Seasonal Reads: Halloween-adjacent reads for cowards people who don’t like horror

Pumpkin spice everything season has arrived, kids. Everyone’s getting out their pumpkin decor and the leaves are changing, so of course it’s time to tailor your reading to match the season.

If you’re like me, you find yourself backing slowly away from all the zombie/slasher/killer clown themed books but you still want to read something suited to the season. Here are my recommendations for books that won’t keep you up at night afraid something might grab your ankles when you make that middle-of-the-night potty dash:

This series has it all: witches, vampires, romance, alchemy, familiars, intrigue, suspense, mystery and history all intermingle in the story of Diana Bishop, who comes from a long line of Salem witches. She discovers a strange manuscript at the Bodleian library in Oxford and quickly discovers that not even the basic details of what she believes she knows about herself are completely true. The first book is a slightly slower start (I listened to the audiobook) but you quickly get invested in the characters and if you’re at all like me you’ll be dying (see what I did there?) to find out what happens next! Unlike me, you’ll have the pleasure of binge reading and not have to wait for the next book to hurry up and get published. I give the series Four stars.

Look, I know I love Victoria Schwab with an embarrassing amount of fervor, but just go with me on this one. This series begins with Mackenzie Bishop and her family moving into an old hotel that has been converted into apartments, where her parents are going to run the coffee shop in the lobby. The family needs a fresh start after a tragedy, and her parents seem to feel getting out of town and into the city is going to do it for Mac. What they don’t know is that she’s been leading a double life, working as a Keeper in her free time. In this role she is required to help collect lost souls that need to be returned back to the Archive, where they are kept safe. It’s a dangerous job, but someone has to do it. Everything starts to change in her sad, solitary life when she finds out there’s another Keeper nearby…. And I could tell you more, but I don’t want to ruin any of the details that kept this one just on the right side of creepy for me to still enjoy.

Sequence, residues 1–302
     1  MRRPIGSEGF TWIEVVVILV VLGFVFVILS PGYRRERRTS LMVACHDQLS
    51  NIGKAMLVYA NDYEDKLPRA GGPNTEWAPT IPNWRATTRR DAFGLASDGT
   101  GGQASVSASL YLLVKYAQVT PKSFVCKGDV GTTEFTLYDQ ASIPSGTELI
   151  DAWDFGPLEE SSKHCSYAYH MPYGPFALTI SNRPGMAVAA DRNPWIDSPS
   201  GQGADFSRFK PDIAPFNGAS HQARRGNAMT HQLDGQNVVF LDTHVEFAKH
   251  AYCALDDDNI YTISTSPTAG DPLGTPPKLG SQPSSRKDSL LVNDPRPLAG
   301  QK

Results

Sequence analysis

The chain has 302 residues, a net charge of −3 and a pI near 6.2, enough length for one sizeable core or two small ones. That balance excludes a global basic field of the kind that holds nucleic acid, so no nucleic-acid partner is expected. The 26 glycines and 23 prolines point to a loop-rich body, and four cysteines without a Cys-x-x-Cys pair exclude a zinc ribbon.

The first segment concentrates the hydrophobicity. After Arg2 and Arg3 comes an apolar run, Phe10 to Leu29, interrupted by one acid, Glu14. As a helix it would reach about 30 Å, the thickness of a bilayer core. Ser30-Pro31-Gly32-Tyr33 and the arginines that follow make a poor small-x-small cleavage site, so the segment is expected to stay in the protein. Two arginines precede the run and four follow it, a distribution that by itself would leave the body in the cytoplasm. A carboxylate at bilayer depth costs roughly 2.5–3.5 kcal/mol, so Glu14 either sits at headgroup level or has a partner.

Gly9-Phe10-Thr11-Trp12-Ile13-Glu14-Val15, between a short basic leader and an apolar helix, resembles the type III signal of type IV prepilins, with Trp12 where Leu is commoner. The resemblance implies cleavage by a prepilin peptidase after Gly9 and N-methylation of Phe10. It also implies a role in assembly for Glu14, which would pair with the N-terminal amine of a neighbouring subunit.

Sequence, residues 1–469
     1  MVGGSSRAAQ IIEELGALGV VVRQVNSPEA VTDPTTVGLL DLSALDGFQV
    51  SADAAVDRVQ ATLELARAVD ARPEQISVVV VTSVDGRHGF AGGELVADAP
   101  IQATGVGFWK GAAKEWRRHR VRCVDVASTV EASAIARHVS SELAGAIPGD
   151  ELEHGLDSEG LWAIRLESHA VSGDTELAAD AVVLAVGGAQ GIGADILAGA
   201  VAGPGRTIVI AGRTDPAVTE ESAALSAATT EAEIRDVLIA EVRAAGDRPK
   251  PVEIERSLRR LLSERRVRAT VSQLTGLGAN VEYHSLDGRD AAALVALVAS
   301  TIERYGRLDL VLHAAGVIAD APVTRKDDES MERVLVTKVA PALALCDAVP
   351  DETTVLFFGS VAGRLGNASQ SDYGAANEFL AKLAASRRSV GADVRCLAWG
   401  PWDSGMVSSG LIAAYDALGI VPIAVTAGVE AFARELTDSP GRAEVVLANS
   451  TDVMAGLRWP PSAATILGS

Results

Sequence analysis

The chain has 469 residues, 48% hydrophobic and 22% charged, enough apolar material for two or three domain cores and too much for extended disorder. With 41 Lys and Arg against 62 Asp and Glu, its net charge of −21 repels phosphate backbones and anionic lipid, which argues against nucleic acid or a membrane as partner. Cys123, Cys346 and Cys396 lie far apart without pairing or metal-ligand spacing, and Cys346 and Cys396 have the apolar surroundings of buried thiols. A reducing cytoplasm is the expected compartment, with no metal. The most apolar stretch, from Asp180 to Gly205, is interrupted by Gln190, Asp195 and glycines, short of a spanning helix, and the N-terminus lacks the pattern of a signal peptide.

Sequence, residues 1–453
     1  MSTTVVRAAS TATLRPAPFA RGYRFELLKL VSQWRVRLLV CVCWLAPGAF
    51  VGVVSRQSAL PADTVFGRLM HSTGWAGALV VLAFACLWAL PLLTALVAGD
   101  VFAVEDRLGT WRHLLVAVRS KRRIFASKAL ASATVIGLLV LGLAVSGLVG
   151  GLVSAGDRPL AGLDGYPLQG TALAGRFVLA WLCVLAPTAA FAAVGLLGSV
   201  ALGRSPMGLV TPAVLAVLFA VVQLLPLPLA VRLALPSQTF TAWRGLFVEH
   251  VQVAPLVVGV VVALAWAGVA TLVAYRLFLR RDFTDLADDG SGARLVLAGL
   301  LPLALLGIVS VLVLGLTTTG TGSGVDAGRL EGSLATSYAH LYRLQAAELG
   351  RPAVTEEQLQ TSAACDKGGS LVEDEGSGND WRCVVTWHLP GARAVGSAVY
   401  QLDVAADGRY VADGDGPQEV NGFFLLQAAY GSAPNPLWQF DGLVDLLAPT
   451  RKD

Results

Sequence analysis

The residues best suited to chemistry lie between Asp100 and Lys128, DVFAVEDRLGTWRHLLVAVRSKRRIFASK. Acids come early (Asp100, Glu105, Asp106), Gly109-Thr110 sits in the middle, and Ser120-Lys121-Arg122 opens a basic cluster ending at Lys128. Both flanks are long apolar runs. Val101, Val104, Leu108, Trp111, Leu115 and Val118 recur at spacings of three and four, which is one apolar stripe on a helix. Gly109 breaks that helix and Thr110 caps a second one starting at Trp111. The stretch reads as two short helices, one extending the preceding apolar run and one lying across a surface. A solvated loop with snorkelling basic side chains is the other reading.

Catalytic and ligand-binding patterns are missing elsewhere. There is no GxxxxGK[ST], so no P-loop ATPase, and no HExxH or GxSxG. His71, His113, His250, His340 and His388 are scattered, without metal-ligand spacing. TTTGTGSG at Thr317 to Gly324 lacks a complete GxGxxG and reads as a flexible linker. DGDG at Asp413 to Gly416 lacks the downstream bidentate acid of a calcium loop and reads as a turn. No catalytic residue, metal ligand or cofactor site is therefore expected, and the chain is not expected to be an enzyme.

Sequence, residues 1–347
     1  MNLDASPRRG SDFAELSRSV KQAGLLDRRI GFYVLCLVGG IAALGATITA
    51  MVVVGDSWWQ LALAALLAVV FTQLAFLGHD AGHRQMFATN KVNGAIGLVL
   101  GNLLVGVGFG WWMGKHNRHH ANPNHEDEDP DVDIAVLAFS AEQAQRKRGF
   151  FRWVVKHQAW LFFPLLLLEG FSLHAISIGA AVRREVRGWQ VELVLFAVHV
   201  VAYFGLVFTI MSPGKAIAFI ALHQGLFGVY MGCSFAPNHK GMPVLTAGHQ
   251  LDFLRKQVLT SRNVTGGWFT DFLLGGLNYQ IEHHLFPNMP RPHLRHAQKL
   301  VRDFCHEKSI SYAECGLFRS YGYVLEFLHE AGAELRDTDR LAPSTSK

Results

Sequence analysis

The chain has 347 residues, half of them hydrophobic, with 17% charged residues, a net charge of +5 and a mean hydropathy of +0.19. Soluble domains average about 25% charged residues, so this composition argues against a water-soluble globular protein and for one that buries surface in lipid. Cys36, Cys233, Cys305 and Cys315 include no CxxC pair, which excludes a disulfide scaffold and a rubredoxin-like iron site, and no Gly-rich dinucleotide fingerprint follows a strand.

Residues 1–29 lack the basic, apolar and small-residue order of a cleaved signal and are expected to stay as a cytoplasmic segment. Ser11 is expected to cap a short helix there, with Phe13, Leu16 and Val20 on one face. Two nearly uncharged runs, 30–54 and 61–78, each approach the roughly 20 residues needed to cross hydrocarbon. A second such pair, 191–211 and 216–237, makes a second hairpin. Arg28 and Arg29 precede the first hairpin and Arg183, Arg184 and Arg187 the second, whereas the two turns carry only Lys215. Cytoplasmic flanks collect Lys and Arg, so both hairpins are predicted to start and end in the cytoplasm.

When Alice’s reclusive Grandmother, the author of a cult-hit book of fairy tales, dies and her mother goes mysteriously missing, Alice finds herself on a journey to figure out what the hell is going on with her weird family. Equal parts creepy fairy tale and mystery, The Hazel Wood is a great seasonal read. It may not be perfect, but it’s a fun story that kept my interest and made me excited to try to figure out where it was going before it got there.

This book is a fascinating look into the investigative work being done on cold cases, and the amazing people who continue to pursue justice long after people outside of immediate family have moved on with their lives. It’s dark and it’s horribly sad. But it’s also an amazing portrait of passion and perseverance in the face of what seems like insurmountable obstacles of time and memory.

Look, I won’t lie: this book is creepy as hell. The fact that it’s non-fiction probably makes it even creepier. I can give you a slight spoiler that will help you, if you want it:  #spoileralert

click here to view spoiler
They arrested the sick pig who did it. Finally. (Thank you, 23andMe, or whichever DNA online portal busted him after all this time.)

Seriously – I think knowing they had already caught him by the time I read the book really did help – but I won’t lie and act like I didn’t spend an extra few minutes checking behind shower curtains and ascertaining that all my windows were, in fact, locked after reading this book.


Have you read any of these books? Do you agree that they’re seasonal without the horror factor? Let us know in the comments!


  • Even as an avid horror reader and true crime reader, I gotta say I’ll Be Gone in the Dark scared the living daylights out of me and I lost HOURS of sleep due to that book. I’d be up reading at night, and then I’d put it down and be unable to go to sleep because the aesthetic distance was kinda close and way too unsettling. Yikes.

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